My dad was frequently unemployed while I was growing up. When he had a job as a software salesman, things were pretty bountiful in our household: We’d go on vacation, build a playhouse, have another sibling join the family, etc. But it always seemed that right after we’d get used to living in “boom times,” he’d get laid off. And since my mom chose to stay home and homeschool us, there wasn’t money coming in when my dad wasn’t working. During these times, we had to do without cable, allowance, dance class, and other small indulgences.
If my memory serves me well, this was more often than not—but if there is one special talent my mom has, it’s making things work, especially in terms of budgeting. I’m sure some bills didn’t get paid on time, but somehow there was always food on the table, clothes on our backs, and we never once had to “skip” Christmas.
I recently asked her how she managed to do it, and she revealed her best savings trick: When things were good, my mom would take small, unnoticeable amounts in cash back when she used her credit or debit card, “squirreling” it away for when times weren’t great. On her big shopping trips when she’d spend more than $100 on the family of five, she’d add an extra $20 to the total and then tuck it into an envelope. If she was spending $20 on cold medicine at the pharmacy, she’d tack on an extra $5. It was never enough to break the budget—but it was definitely enough to build a small, but noticeable, nest egg.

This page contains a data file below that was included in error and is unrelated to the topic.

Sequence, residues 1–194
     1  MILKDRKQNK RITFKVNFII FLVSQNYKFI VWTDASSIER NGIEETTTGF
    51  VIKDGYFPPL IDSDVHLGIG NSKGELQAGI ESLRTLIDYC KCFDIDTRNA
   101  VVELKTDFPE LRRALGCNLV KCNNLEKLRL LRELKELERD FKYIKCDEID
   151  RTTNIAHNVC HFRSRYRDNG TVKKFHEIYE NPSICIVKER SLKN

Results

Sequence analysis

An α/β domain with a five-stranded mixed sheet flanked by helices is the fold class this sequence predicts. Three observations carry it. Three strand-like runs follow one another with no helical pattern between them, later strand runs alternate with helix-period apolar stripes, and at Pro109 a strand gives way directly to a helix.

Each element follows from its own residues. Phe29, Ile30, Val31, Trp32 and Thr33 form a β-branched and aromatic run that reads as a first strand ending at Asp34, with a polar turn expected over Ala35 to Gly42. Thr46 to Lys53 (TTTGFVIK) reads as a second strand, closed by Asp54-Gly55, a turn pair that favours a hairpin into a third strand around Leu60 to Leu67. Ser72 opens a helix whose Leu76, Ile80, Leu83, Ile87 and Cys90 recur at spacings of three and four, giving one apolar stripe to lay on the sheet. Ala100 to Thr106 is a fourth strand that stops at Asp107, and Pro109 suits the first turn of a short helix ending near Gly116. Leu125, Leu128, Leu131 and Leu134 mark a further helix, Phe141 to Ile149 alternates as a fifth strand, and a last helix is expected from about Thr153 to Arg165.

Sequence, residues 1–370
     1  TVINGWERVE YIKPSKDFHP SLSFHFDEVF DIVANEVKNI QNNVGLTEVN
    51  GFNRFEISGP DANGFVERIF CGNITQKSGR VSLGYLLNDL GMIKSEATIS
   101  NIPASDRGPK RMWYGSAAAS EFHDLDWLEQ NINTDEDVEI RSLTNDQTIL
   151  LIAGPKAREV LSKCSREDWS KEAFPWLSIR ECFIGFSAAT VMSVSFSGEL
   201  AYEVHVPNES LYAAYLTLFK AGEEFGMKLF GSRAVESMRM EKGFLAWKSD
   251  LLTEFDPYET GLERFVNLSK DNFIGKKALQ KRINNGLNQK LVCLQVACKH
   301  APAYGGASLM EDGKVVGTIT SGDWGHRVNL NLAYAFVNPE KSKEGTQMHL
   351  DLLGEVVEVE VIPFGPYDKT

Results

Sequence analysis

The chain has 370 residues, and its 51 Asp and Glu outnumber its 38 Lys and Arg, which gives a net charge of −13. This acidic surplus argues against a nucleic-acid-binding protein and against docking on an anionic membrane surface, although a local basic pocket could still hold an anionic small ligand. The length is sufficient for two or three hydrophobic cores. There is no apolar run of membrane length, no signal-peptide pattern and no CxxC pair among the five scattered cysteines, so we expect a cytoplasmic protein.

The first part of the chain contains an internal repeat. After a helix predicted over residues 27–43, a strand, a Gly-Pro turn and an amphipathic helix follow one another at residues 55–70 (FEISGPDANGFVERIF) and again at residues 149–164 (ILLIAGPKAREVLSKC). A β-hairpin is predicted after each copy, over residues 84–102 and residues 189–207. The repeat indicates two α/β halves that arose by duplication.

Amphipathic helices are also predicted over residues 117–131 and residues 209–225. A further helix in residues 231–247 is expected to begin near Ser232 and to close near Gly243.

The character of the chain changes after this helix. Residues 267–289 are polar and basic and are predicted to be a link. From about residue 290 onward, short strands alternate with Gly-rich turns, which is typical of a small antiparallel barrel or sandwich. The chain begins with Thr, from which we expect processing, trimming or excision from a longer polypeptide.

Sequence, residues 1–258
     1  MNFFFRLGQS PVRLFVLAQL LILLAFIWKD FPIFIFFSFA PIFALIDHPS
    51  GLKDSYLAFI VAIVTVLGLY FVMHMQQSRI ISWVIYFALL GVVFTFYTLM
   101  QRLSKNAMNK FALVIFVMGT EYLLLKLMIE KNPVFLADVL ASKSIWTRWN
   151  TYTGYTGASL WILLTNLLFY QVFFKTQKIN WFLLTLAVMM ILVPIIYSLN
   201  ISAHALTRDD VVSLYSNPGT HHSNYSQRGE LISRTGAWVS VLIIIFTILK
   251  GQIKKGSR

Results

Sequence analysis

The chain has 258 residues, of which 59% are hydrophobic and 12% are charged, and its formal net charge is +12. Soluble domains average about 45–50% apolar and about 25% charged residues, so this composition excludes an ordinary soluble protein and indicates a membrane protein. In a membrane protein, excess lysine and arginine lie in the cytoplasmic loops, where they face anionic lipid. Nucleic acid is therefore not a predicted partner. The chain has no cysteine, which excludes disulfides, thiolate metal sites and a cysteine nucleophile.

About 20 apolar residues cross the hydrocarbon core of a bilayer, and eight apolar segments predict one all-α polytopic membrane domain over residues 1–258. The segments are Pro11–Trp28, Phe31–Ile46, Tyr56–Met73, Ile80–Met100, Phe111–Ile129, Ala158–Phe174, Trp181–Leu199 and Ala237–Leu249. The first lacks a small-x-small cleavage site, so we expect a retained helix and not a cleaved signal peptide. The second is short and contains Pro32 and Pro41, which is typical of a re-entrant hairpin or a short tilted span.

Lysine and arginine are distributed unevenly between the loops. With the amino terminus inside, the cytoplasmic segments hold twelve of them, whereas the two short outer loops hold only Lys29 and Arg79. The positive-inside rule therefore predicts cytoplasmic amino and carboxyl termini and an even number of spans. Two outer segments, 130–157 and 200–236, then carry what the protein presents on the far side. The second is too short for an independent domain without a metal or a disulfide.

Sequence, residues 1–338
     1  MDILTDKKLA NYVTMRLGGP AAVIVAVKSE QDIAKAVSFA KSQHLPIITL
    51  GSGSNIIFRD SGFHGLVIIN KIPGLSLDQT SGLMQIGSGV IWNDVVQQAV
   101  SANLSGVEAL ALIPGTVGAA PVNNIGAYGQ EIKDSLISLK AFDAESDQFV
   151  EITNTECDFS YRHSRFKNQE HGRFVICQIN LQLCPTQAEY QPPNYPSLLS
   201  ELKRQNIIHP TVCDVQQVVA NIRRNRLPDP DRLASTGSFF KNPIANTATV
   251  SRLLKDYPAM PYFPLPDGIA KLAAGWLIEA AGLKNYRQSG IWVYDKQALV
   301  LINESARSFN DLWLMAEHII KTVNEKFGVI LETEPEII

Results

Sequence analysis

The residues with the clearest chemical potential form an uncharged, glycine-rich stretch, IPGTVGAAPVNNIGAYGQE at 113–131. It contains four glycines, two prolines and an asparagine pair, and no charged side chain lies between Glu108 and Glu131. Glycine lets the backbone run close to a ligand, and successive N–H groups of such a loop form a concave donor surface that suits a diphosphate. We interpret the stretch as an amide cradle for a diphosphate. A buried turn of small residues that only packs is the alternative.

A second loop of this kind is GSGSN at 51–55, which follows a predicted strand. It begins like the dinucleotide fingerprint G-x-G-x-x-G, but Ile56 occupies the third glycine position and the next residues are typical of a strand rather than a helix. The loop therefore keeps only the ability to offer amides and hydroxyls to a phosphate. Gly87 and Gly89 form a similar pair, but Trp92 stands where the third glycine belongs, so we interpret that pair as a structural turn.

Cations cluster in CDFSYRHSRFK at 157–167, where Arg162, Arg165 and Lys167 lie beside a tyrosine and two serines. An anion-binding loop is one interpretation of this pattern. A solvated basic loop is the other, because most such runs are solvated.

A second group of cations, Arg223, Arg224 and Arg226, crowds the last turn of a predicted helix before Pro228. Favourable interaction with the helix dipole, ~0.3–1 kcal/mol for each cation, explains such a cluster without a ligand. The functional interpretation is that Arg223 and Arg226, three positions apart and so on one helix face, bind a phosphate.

Did her trick involve a small amount of financial infidelity? Yes, but that’s besides the point. The most important part was that it helped stretch our family through long periods of my dad’s unemployment.
Now, granted, this wasn’t her method for retirement savings, but it was a smart way to stash away some money. It’s very similar to Marie Campagna Franklin’s $5 savings method, where she puts every $5 she comes across in an envelope and claims to have saved $42K over the years.
I am not sure how much money my mom has saved over the years with her method, but it was definitely the key to making ends meet (and the way I’m going to be able to save that little bit of extra cash for my vacation this April!).